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Against acid soil: What forest liming does

Von Nicole Wellbrock | 01.12.2016

WO Institute of Forest Ecosystems

Since the early 1980s, more than 3.2 million hectares of forest have been limed in Germany. This was intended to counteract further area-wide soil acidification and loss of soil quality. As the findings of the second forest soil condition survey show, soil protection liming has significant effects on soil condition and ground vegetation.

When it comes to soil acidification, many people first think of the "acid rain" which has dominated media coverage over the past decades during the forest dieback debate. But a certain degree of soil acidification is a natural process. Even precipitation water naturally has a slightly acidic pH of 5.6 because the carbon dioxide (CO2) in the air dissolves in the raindrops. The resulting carbonic acid is carried into the soil as a weak acid via the precipitation. Acids are also formed in the course of the conversion of organic matter by the soil fauna.

However, since industrialization, significantly more acid-forming substances have been introduced into our forests, so that the processes take place more quickly. For this reason, compensatory liming has been carried out since the 1980s as a preventive soil protection. Normally, dolomite rock flour is applied (approx. 3 t/ha), which also supplies the important macronutrient elements calcium and magnesium.

Where is liming done and where is it not done?

Since forest management is in the hands of the federal states, each state has developed its own regulations on liming. Depending on the site conditions, these differ significantly from one another in some cases. There are federal states that do not liming at all, others liming very frequently.

The acidification-sensitive sites officially designated by the federal states include those that can be limed according to certain criteria. Of the total 1,859 inventory points in the national forest soil survey (BZE II), 749 sites were classified as acidification-sensitive. Since the first forest soil survey (BZE I), 385 of these sites have been limed at least once. The evaluation of the BZEs on liming thus refers only to the comparison of limed and non-limed inventory points that were classified as acidification-sensitive.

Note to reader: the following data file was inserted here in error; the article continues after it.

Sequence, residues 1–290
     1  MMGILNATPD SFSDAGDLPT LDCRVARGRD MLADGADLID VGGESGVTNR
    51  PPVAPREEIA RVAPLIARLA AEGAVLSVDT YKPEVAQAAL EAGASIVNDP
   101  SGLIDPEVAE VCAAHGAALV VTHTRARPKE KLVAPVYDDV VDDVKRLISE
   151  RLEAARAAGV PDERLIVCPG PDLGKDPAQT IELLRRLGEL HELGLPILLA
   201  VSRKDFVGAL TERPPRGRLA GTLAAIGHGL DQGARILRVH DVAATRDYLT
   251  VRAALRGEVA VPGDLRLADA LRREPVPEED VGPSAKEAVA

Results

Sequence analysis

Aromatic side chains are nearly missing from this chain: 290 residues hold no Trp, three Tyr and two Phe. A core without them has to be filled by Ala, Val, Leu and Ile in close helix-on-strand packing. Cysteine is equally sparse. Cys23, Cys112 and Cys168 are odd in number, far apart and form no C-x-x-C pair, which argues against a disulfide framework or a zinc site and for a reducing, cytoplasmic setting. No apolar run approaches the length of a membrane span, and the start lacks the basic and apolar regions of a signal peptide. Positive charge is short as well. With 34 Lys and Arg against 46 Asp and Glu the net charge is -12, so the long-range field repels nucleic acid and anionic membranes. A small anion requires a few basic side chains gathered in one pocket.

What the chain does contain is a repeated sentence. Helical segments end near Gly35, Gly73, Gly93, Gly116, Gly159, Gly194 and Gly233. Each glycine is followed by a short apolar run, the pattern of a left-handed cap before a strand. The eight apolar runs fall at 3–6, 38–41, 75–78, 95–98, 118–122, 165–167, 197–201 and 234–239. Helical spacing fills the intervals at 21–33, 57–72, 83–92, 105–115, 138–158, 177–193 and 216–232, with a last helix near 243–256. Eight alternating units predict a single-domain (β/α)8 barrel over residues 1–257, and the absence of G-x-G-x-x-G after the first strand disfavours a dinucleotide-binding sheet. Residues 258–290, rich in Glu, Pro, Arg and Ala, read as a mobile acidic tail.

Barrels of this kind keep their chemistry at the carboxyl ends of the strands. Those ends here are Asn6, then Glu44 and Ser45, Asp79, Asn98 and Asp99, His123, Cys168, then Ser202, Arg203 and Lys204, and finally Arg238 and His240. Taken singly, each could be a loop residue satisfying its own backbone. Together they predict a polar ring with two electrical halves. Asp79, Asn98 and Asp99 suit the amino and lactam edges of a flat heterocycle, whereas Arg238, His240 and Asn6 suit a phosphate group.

What happens in the soil

Comparing the two surveys (BZE I and BZE II), it can be seen that pH and base saturation, as indicators of nutrient availability, increased more on the limed soils than on the unlimed ones. At the same time, aluminum concentration decreased. Limed soils showed a significantly higher increase. In the mineral soil below 30 cm, acidification continued to progress on unlimed sites, while this was reduced or halted on many limed sites.

The increase in calcium levels, as well as a higher pH on the limed sites, stimulates microbial activity and increases the occurrence of so-called primary decomposers such as earthworms, millipedes, and isopods. Their activity causes more organic matter to be converted in the overlay. As a result, organic matter decreases there, while organic matter increases in the underlying mineral soil. Many substances, such as nitrogen and heavy metals, are bound to the organic matter, about 50% of which consists of carbon.

Liming therefore affects the carbon, nitrogen and heavy metal stocks of the soils. Although all soils store carbon, limed sites store significantly more. For nitrogen, stock losses are significantly lower on limed sites. The heavy metals transferred to the mineral soil are bound there comparatively firmly, so that there is basically no risk to groundwater.

Soil protection liming also leads to a change in the species composition of the vegetation. Limed areas showed a higher number of species in the grove-simple beech forests and in spruce forests on soil-acidic solid rock. However, the species were often untypical of the forest margins and clearings.

Further efforts needed

Soil protection liming is intended to ensure functional and stable forest ecosystems. Although liming compensates for acids in the soil and increases the supply of nutrients, it cannot restore the original condition of forest soils. In addition to the drought factor, the main cause of changes in forests is the oversupply of nitrogen, which leads to imbalances in forest nutrition. Therefore, air pollution control, especially the mitigation of nitrogen emissions as the root cause of soil acidification, is probably the most important measure to maintain healthy forests.

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